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Alabama Governors

Thomas Bibb

photo of portrait of Ala. Governor Thomas Bibb

 

1820-1821

 

After the death of Governor William Wyatt Bibb on July 10, 1820, the president of the Senate became acting governor as specified by the new state constitution. The president of the Alabama Senate was Thomas Bibb, younger brother of the deceased governor. Like his brother, Thomas Bibb was born in Amelia County, Virginia, but grew up in Elbert County, Georgia. In 1811 he moved to the Tennessee River area of the Mississippi Territory where he became a planter and merchant. He was one of the original settlers in an area that later became known as Limestone County. Bibb represented Limestone County at the 1819 Constitutional Convention, was elected to represent the county in the state Senate, and was unanimously chosen president of the Senate.

 

Thomas Bibb served as Governor from July 1820 to November 1821. It was a relatively quiet period concerned largely with the formation of effective state government, though controversies did erupt over issues of reapportionment and state banking. In addition, feuding continued between opponents and supporters of the "Georgia Faction."

 

During Thomas Bibb's term the state government was formally moved from Huntsville to Cahaba. The General Assembly convened on November 6, 1820 in Cahaba. During the session, which lasted until December 22, 1820, the legislators changed the name of Cahaba County to Bibb County in honor of the deceased governor and passed numerous acts concerned with local municipal government. The legislature also provided for the development of a state bank, though the bank was not established due to insufficient funds.

 

A major issue during the legislative session was the question of reapportionment. The 1819 Constitution required that a census be taken and an apportionment law be passed. Some members of the legislature did not want reapportionment until after the 1821 elections had been held and they succeeded in passing only a law which required a census, which would be the basis of later reapportionment. Governor Bibb called a special session of the legislature to deal with the issue, though they adjourned without a decision. Reapportionment became a major issue in the 1821 governor's race.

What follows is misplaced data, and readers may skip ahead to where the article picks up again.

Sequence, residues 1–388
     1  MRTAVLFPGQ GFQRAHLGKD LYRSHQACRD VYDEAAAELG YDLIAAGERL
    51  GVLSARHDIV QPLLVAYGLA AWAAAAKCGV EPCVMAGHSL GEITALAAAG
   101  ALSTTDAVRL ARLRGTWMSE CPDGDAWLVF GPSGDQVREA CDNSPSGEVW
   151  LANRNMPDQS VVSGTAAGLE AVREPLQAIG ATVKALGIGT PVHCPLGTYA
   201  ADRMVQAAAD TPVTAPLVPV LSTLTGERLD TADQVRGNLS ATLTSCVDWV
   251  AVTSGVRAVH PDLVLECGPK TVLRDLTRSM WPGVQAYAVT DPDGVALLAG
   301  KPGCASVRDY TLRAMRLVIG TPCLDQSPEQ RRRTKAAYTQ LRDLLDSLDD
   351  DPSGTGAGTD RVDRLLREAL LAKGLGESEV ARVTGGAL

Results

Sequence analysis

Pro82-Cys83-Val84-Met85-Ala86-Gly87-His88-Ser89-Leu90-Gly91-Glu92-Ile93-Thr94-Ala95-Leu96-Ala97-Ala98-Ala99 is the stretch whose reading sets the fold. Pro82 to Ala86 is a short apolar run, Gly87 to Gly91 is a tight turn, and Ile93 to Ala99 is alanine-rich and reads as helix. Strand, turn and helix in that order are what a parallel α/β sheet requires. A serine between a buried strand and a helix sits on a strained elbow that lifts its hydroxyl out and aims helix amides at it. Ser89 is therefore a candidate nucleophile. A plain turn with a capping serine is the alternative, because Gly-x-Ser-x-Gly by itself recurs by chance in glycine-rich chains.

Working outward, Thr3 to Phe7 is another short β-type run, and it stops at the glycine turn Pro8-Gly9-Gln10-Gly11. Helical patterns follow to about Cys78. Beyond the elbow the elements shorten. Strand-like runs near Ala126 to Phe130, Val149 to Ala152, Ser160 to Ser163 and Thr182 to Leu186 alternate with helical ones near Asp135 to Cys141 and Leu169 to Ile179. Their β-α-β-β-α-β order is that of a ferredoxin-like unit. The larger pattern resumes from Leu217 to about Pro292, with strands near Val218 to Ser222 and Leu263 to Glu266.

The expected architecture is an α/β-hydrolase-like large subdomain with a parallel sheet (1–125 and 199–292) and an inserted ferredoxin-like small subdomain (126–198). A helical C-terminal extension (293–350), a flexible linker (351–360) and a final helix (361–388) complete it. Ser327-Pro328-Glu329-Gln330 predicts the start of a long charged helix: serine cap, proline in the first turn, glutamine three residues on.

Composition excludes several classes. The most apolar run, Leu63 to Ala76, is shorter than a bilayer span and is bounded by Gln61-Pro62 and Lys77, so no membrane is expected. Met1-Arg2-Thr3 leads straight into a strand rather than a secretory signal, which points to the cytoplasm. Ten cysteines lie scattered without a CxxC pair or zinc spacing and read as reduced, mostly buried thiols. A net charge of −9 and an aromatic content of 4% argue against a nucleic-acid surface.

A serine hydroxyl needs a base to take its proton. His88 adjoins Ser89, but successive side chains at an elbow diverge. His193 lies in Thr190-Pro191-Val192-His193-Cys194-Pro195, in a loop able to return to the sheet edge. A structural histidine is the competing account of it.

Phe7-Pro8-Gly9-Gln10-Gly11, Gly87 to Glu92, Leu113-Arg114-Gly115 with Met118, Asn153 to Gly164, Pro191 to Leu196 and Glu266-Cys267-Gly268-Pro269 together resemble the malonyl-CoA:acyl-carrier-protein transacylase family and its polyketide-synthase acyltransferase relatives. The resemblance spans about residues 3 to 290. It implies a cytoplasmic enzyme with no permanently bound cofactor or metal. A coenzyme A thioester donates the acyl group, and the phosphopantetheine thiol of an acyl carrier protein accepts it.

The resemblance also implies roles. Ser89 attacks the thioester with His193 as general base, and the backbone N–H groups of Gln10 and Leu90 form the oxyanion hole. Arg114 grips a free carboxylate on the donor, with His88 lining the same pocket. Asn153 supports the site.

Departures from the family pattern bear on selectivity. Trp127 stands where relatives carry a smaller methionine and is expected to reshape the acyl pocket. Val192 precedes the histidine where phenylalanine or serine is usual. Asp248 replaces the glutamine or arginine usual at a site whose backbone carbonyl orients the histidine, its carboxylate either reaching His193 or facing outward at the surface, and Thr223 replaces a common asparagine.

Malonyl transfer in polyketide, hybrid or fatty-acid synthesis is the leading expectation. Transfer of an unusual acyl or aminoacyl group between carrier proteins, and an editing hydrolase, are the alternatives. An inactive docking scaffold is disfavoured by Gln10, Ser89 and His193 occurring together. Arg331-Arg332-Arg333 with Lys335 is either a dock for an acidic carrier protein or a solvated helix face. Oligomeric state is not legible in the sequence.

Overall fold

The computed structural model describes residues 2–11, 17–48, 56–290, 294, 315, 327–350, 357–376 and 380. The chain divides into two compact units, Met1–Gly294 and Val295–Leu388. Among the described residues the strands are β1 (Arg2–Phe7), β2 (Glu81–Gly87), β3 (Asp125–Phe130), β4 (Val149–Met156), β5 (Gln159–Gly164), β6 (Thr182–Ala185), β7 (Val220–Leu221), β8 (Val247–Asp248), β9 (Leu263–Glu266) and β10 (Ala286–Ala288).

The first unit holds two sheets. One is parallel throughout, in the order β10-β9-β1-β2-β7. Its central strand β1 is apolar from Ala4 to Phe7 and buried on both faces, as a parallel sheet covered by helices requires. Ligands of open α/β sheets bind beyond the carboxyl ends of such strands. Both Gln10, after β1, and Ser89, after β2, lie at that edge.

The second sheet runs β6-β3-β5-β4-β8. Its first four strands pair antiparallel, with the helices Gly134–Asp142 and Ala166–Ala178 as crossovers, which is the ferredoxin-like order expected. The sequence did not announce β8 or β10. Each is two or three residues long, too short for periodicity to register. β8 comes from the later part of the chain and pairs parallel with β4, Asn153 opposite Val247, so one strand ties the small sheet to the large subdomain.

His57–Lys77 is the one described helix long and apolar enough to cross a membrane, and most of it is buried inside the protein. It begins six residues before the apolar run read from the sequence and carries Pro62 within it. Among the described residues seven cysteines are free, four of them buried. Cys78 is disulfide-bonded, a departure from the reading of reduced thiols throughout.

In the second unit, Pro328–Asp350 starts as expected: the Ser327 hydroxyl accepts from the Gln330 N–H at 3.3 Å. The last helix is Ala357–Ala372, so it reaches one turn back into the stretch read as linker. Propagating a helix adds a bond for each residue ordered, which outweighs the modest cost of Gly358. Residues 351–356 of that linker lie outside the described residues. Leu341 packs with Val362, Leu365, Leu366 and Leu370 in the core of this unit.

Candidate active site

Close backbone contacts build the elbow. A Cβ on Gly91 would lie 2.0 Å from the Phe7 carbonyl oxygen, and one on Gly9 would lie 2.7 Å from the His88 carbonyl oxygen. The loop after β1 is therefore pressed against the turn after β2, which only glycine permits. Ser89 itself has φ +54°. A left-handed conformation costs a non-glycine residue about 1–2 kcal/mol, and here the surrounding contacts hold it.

Bibb did not stand for reelection, but did deliver a strong message to the 1821 Annual Session of the General Assembly before Israel Pickens was confirmed as the new governor. In the message, Bibb urged the Assembly to begin setting up the Bank of the State and recommended selling lands endowed for the state university to finance the bank. Several days later Israel Pickens was confirmed as the winner of the general election and was installed as the new governor.

 

Thomas Bibb was reelected to the Alabama House of Representatives in 1828 and 1829 and served as director of the Huntsville Branch of the Bank of the State of Alabama. He was married to Parmelia Thompson.

 


Authorities:
Abernethy, Thomas Perkins. The Formative Period in Alabama, 1965.
Brantley, William H. Banking in Alabama, 1816-1860, 1961
Brantley, William H. Three Capitals, 1947.
Bailey, Hugh C. "John W. Walker and the 'Georgia Machine' in Early Alabama Politics", Alabama Review VIII (1955): 179-195.
Moore, Albert Burton. History of Alabama, 1934.
Owen, Thomas, M. History of Alabama and Dictionary of Alabama Biography, 1921.
Pickett, Albert James. History of Alabama, 1900.
Stewart, John Craig. The Governors of Alabama, 1975.